Dugongs in Shark Bay
One major exception to the declining population trend is Shark Bay, where the dugong population is estimated at between 10,000 and 15,000 individuals. Unfortunately for dugongs, however, it is their very presence that inadvertently gives the bay its name: tiger sharks are attracted to the area in large numbers, lured by the prospect of dining on dugong. This concentration of apex, or top, predators, in turn, affects other bay residents, such as dolphins, sea turtles, and sea snakesall of whom can quickly become part of a hungry tiger shark's diet.
The correlation between dugongs and tiger sharks was not discovered until the mid-1990s, when a study was initiated to evaluate the predator-prey interaction between dolphins and tiger sharks in Shark Bay. The study, conducted by then-Ph.D. student Michael Heithaus, highlighted a curious pattern: the sharks tended to prefer dugongs to dolphins when shopping for a meal.
According to Lawrence Dill, head of the Behavioral Ecology Research Group at Simon Fraser University and Heithaus's advisor, a hypothesis emerged, linking the observed migration of tiger sharks into and out of Shark Bay with the movements of dugongs on their seasonal searches for warmer waters.
A new study was necessary to focus on the importance of the dugong-tiger shark relationship, and its subsequent effects on the seagrass community as a whole. The challenge fell to Aaron Wirsing, one of Dill's current Ph.D. students, to learn more about this relationship and to collect additional data on the shy and reclusive dugong's habits.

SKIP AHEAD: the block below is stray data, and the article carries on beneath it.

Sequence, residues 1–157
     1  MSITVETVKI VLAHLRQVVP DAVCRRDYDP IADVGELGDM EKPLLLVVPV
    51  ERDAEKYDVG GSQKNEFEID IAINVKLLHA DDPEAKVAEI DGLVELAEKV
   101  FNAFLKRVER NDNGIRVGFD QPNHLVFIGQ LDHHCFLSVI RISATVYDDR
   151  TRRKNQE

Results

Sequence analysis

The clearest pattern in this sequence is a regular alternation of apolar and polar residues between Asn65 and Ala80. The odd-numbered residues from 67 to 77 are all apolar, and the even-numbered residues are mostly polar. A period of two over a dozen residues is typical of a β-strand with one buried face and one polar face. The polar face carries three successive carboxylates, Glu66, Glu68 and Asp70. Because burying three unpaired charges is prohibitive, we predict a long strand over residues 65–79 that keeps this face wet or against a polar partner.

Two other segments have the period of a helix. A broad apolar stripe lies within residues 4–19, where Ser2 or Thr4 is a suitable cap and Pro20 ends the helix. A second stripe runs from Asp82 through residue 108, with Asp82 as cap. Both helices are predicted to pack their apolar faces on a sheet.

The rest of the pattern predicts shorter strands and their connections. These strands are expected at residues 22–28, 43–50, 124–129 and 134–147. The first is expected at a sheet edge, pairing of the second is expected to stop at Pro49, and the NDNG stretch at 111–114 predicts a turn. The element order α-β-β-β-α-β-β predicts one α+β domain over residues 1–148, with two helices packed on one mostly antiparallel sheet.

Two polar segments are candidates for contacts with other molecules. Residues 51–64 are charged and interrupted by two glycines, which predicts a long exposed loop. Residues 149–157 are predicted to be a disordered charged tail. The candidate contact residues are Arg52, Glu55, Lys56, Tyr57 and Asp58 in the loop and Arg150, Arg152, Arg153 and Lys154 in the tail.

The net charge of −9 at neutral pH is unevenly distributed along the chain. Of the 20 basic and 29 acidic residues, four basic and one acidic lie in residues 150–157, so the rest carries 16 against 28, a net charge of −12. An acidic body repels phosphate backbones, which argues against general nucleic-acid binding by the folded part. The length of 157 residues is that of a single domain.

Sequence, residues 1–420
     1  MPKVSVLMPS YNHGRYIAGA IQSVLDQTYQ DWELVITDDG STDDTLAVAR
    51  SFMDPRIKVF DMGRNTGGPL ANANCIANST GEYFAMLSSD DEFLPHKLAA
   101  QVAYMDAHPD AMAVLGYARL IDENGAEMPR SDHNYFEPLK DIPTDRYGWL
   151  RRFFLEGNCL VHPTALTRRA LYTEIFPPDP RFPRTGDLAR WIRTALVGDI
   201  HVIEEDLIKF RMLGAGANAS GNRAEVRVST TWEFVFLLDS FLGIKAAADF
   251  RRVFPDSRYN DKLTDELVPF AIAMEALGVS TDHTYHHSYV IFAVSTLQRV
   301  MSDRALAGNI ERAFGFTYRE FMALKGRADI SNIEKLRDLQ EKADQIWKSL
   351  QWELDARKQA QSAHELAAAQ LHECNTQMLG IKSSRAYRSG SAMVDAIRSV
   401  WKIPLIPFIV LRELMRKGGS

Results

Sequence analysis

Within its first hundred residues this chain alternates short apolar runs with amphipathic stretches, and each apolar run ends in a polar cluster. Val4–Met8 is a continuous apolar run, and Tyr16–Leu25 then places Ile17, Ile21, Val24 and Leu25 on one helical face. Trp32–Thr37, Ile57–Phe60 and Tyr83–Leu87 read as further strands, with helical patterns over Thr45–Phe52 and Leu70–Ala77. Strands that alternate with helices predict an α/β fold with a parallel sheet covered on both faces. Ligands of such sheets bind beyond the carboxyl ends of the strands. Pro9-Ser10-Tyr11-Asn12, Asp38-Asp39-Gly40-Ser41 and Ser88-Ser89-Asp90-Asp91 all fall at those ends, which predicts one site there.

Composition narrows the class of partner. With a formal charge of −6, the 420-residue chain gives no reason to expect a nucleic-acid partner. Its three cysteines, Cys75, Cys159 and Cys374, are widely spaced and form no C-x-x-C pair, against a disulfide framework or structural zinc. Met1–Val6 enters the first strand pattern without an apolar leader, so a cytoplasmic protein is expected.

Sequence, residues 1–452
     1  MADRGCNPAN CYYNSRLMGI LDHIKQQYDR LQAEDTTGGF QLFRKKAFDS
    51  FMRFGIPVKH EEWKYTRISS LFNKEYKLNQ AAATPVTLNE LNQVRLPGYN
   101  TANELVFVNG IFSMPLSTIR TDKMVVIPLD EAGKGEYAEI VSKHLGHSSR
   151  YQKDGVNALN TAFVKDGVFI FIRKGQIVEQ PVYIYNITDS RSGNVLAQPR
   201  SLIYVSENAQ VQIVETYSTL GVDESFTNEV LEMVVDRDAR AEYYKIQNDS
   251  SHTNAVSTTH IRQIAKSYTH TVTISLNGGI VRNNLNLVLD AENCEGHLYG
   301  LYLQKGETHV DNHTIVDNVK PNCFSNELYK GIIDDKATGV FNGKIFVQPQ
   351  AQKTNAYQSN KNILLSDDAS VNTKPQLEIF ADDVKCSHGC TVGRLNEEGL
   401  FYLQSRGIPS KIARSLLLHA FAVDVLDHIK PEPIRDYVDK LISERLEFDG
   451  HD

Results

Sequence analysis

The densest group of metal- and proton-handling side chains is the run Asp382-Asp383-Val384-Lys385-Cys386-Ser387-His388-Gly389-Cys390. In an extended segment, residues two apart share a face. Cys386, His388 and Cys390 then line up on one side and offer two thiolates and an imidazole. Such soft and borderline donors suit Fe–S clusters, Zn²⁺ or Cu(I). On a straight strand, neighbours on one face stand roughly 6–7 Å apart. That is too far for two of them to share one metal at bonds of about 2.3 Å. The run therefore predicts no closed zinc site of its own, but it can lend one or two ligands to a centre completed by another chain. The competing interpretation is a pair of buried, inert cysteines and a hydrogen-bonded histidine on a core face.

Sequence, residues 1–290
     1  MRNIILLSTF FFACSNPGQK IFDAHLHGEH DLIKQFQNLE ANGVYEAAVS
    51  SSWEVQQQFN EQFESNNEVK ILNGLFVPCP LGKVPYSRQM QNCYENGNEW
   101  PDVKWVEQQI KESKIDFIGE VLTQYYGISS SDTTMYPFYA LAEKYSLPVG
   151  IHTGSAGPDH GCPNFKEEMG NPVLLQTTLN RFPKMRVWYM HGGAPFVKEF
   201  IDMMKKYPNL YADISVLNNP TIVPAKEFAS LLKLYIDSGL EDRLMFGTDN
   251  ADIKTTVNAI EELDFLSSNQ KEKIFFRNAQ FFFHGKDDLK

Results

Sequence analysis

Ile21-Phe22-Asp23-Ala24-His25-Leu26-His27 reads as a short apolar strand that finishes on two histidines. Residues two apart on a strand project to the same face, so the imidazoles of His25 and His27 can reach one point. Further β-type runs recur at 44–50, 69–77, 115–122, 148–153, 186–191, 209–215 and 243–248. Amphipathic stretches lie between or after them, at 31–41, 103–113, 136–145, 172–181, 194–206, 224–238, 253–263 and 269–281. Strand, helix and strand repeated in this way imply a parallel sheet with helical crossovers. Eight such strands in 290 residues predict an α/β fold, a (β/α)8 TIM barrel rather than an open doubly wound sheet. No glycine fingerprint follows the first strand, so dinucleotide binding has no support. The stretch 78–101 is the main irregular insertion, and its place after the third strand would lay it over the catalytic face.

Wirsing most recently determined through use of Crittercam that an abundance of seagrass exists in some of the deeper waters of Shark Bay where dugongs are found. He hypothesizes that dugongs may spend more time than previously thought grazing on seagrass in these areas because the added depth allows for increased maneuverability in escaping from prowling tiger sharks.
In the future, Wirsing hopes to use Crittercam to study the specifics of how dugong foraging habits affect the composition of the Shark Bay seagrass meadows. The dugongs, however, may have something else in mind.
"They were much savvier customers than we thought," says Wirsing. "They'd tolerate the presence of the boat. You could certainly get close enough to deploy Crittercam [by pole]. But they were almost playing games with us, in that as they would come to the surface, giving us a target, they would sort of casually move just out of our range."
"So it would seem to me that they were quite well aware of what was going on and were sort of having their way with our operation so we need to learn better techniques, or develop a longer pole, or something."
Perhaps dugongs have more in common with their siren namesake after all.